One programme will be based on subsidised insurance premiums and the other will incur each hemp producer an administrative fee to cover uninsurable risk

Both new insurance programmes are designed to protect hemp producers from natural disaster risks (Credit: PxHere)

The US Department of Agriculture (USDA) has released two new insurance programmes under government schemes created to protect hemp growers from natural disaster losses.

The first is a pilot hemp insurance programme administered through Multi-Peril Crop Insurance (MPCI) — which provides coverage for fibre, grain or Cannabidiol (CBD) oil if loss of yield occurs due to adverse weather conditions, fire, insects, plant disease, wildlife, earthquake, volcanic eruption and failure of irrigation water supply.

The second is administered by the Non-Insured Crop Disaster Assistance Programme (NAP) and covers low yields, loss of inventory and prevented planting against natural disasters considered uninsurable by all other federal insurance programmes.

Unlike NAP coverage, policies written under MPCI do not include replanting costs or those incurred due to planting prevention.

USDA farm production and conservation undersecretary Bill Northey said: “We are pleased to offer these coverages to hemp producers.

hemp insurance
USDA farm production and conservation undersecretary Bill Northey (Credit: USDA/Ken Hammond)

“Hemp offers new economic opportunities for our farmers, and they are anxious for a way to protect their product in the event of a natural disaster.”

Both hemp insurance programmes will be available to farmers in “certain counties” in Alabama, California, Colorado, Illinois, Indiana, Kansas, Kentucky, Maine, Michigan, Minnesota, Montana, New Mexico, New York, North Carolina, North Dakota, Oklahoma, Oregon, Pennsylvania, Tennessee, Virginia and Wisconsin.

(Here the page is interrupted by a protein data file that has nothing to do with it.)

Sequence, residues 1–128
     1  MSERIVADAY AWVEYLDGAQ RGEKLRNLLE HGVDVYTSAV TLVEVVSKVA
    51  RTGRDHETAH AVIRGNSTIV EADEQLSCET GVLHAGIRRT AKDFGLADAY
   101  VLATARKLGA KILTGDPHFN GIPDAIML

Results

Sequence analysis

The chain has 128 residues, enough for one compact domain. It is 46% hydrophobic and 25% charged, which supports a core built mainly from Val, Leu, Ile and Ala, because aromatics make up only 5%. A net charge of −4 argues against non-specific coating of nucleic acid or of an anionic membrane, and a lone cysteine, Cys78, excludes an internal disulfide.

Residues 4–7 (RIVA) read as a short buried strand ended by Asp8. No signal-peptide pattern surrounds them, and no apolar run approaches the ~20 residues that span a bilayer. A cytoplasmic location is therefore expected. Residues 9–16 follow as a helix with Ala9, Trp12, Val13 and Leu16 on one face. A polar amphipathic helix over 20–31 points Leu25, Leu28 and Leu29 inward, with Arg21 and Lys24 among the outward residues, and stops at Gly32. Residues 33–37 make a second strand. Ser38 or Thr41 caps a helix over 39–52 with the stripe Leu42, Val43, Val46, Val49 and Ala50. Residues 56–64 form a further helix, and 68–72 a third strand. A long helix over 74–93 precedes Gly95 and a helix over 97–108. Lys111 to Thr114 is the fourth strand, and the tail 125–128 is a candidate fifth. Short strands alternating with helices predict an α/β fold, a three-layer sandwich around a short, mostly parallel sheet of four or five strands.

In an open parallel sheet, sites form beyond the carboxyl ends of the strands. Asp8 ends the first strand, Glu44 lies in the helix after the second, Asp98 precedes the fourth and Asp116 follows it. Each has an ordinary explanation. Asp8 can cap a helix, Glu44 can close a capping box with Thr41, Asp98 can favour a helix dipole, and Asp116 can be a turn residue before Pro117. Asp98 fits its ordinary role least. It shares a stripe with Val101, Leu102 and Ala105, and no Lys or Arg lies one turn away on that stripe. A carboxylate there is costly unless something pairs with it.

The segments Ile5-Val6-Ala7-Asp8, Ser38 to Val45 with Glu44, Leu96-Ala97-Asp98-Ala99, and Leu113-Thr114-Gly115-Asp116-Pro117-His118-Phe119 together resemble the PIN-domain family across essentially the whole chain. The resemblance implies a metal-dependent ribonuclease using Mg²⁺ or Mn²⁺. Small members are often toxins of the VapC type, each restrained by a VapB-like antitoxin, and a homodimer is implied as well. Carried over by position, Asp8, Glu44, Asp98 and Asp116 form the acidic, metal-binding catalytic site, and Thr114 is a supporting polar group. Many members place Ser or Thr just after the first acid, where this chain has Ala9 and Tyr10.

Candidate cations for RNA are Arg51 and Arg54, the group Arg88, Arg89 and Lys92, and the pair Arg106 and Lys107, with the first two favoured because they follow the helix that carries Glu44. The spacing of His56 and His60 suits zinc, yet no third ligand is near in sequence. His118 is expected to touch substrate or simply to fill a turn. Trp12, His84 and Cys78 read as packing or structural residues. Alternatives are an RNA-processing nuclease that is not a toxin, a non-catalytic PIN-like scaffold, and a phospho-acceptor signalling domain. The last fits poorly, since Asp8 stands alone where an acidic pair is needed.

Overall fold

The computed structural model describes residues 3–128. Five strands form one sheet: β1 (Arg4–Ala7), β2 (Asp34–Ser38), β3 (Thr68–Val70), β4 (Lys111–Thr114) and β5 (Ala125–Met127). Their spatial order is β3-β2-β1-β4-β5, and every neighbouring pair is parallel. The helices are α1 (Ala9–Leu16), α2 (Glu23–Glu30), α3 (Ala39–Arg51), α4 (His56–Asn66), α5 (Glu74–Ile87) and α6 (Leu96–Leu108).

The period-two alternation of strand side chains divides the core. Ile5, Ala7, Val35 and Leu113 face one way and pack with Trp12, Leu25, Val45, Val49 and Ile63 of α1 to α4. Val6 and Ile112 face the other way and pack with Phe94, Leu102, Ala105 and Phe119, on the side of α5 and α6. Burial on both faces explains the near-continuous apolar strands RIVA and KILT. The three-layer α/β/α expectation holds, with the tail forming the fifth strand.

The enrollment deadline for both programmes is March 16, 2020.


How do the hemp insurance programmes work?


For coverage under the MPCI pilot insurance programme, a hemp producer must have produced the crop for a year and have a contract for the sale of the insured hemp.

Farms must also have a minimum of five acres for CBD and 20 acres for grain and fibre. Any plant containing more than 0.3% tetrahydrocannabinol (THC) on a dry-weight basis will be ineligible for coverage.

A farmer’s share of the premium will range from 33% to 45% depending on their coverage level — a limit for payouts is based on a percentage of the average yield for a crop season.

The remainder of the premium cost will be settled by the US government.


Insurance provided under the NAP applies differently to a traditional policy, charging no upfront premium unless hemp farmers wish to top up their coverage.

Basic coverage pays out 55% of the average market price for crop losses that exceed 50% of expected production, giving farmers the option to add on “buy-up coverage” at a premium to reach 65%, with each increment of 5% paid out at 100% of market value.

NAP covers farmers for damaging weather such as drought, frost, hail, excessive moisture, excessive wind or hurricanes, as well as natural disasters, including earthquakes and floods.

Any damage incurred to crops directly related to one of these events, such as heat, disease, volcanic smog and insect infestation is also included in the policy.

To obtain insurance under the NAP, producers must pay a service fee of $325 per crop, or $825 per farm (whichever is less) in a county, with a cap of $1,950 for hemp producers with farming interests in multiple counties.